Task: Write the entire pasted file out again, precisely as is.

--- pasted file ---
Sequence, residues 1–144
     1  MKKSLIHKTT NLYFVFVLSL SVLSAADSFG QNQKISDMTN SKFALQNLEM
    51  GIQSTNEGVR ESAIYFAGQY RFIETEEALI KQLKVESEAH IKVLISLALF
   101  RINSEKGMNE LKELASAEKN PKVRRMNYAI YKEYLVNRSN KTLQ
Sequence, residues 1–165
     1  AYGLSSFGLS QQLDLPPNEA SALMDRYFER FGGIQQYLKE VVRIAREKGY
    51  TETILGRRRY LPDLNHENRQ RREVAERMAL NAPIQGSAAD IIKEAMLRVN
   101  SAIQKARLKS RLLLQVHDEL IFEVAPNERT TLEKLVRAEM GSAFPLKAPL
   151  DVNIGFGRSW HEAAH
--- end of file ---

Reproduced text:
Sequence, residues 1–144
     1  MKKSLIHKTT NLYFVFVLSL SVLSAADSFG QNQKISDMTN SKFALQNLEM
    51  GIQSTNEGVR ESAIYFAGQY RFIETEEALI KQLKVESEAH IKVLISLALF
   101  RINSEKGMNE LKELASAEKN PKVRRMNYAI YKEYLVNRSN KTLQ
Sequence, residues 1–165
     1  AYGLSSFGLS QQLDLPPNEA SALMDRYFER FGGIQQYLKE VVRIAREKGY
    51  TETILGRRRY LPDLNHENRQ RREVAERMAL NAPIQGSAAD IIKEAMLRVN
   101  SAIQKARLKS RLLLQVHDEL IFEVAPNERT TLEKLVRAEM GSAFPLKAPL
   151  DVNIGFGRSW HEAAH